Sheriff's Deputies Use Community Snitches to Arrest Jacksonville Man on Murder Charges

September 2, 2011

WOKV is reporting that a 20-year-old now faces murder charges in connection with a shooting that killed three and also left a baby suffering from injuries.

Sadly, many young people are sitting in jails throughout Florida and the United States, facing weapons charges and other violent felony charges. Many face up to life in prison or even the death penalty. And despite that, all have a right to a fair trial that includes representation by an experienced and aggressive criminal defense attorney in Jacksonville and wherever they are.
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Sadly, improper and untruthful news media coverage can make getting a fair trial difficult or sometimes impossible. Look at the case of Casey Anthony, the Orlando woman accused of killing her daughter. Media from throughout the country commented on the case daily and had minute-by-minute updates during the trial. And because of these reports, many people believed she was guilty, even though the state couldn't prove the case against her.

Some Americans resorted to violence or protests, believing she is still guilty even though she was proven not guilty at trial. In violent crimes, primarily cases of homicide and other weapons charges in Jacksonville, the news media typically dedicates hours on television or radio or columns in the newspaper to outlining as much information as they can scrounge up, even if much of it is inaccurate or speculative.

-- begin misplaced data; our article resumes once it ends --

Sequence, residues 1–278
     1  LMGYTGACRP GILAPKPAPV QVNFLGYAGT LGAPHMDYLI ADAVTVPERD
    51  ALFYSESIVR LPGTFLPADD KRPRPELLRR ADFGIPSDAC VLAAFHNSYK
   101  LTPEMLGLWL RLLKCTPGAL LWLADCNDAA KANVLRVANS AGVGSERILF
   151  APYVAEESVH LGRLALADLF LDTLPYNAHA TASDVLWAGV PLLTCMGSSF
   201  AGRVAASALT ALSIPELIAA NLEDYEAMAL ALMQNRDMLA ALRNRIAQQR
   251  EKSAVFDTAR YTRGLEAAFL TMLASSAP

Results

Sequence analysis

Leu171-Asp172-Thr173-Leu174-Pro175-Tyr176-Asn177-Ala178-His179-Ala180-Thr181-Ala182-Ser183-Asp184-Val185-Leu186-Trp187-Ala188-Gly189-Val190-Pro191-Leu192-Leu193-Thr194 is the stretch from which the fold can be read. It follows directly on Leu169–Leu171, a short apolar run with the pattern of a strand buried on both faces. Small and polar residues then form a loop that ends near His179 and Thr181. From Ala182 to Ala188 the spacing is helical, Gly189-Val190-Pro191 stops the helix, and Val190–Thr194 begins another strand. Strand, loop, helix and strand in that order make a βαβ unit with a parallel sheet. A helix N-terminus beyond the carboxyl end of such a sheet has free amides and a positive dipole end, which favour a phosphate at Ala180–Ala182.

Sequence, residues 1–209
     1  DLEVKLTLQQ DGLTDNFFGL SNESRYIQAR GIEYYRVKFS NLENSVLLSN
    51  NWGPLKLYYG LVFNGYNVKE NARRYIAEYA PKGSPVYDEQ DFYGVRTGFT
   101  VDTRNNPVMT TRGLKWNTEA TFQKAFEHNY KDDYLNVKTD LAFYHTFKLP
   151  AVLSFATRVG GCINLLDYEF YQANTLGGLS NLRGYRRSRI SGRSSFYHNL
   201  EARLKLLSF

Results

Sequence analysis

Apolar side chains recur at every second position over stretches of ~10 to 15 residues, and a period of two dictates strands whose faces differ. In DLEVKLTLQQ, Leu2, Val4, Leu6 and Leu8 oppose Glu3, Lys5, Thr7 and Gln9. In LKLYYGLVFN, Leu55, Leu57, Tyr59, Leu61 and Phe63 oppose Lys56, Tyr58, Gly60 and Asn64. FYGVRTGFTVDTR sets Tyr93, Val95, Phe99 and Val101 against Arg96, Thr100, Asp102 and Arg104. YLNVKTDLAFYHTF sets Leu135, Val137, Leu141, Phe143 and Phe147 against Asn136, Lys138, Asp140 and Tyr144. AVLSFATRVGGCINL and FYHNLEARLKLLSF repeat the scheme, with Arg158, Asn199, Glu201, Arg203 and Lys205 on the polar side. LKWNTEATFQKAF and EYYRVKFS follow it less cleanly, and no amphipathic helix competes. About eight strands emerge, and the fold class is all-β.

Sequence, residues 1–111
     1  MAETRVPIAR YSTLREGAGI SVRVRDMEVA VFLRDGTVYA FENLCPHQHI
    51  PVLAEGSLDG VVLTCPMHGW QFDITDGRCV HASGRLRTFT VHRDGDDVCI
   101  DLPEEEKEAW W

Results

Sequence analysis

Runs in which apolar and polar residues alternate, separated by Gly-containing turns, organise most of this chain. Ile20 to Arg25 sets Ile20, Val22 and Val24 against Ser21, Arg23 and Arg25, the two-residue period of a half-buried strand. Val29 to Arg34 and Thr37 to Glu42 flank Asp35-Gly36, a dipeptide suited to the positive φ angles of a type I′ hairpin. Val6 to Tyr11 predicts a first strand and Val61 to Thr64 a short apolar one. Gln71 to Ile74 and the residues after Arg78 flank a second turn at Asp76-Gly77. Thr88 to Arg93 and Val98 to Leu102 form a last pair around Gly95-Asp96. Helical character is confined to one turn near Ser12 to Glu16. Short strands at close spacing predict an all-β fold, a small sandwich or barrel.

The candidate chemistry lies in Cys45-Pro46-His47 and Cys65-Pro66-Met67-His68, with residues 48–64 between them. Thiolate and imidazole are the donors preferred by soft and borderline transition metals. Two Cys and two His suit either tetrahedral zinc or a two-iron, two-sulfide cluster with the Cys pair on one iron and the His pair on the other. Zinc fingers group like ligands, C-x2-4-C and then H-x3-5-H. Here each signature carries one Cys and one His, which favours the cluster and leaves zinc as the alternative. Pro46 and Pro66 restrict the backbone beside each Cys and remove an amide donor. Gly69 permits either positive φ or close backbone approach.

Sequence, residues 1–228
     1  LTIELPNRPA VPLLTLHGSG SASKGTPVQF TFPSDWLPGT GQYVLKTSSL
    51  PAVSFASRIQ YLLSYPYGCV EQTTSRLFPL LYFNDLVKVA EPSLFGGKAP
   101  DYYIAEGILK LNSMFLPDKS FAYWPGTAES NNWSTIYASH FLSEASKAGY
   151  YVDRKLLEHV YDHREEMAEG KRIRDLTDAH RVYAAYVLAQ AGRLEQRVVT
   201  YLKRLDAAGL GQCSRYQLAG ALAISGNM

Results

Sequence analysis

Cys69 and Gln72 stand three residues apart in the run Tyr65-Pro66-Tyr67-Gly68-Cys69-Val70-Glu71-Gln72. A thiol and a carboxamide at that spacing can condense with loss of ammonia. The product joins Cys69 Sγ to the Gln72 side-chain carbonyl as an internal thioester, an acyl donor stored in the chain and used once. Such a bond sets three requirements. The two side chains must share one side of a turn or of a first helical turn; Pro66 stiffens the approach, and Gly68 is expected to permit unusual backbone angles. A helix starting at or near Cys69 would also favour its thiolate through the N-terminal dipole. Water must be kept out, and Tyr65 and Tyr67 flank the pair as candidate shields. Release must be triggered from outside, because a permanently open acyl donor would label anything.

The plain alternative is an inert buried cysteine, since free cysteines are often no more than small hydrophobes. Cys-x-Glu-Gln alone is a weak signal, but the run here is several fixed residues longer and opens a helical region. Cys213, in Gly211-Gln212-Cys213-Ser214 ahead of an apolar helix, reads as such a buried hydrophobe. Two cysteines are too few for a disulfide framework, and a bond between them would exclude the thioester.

Recently, a 20-year-old man was charged in connection with a shooting in Northwest Jacksonville that left three people dead and a baby wounded. Authorities say they leaned on community members for information that led to the arrest.

"It's because of the community coming forward, becoming involved and telling us what they knew that we know who's involved," one official told the news media at a press conference.

A 19-year-old, 26-year-old and 31-year-old were killed, while a 16-month-old remains hospitalized. Police say they are still searching for a second suspect and they believe drug territory was a motive.

The report doesn't make clear exactly what information they received from the public or how it was obtained. Threatening community members for information or offering monetary awards for information are unreliable because they give people motivation beyond just telling the truth.

These types of witnesses must be heavily scrutinized in cases where weapons were used or if someone is facing a murder charge. When shots go off, people usually aren't sticking around to see what happened. They rarely get a good look at the person shooting.

Yet, rumors quickly fly in tight-knit communities and people may not be 100 percent truthful in their statements to police. They may not be talking from first-hand knowledge, but only relaying information, good or not, from other sources. And if someone has a problem with someone in their neighborhood, they may be quick to place the blame on someone who is innocent. These types of witnesses must be viewed cautiously and their credibility questioned on behalf of the defendant.

If you need a criminal defense attorney in Jacksonville or the surrounding area, call Mussallem and Associate, PA at 904-365-5200 for a free consultation.

More Blog Entries:

Atlantic Beach Killer Still At Large, Police Still Investigating: August 16, 2011

21-Year-Old Jacksonville Man Sent to Prison for Life for Shooting: August 12, 2011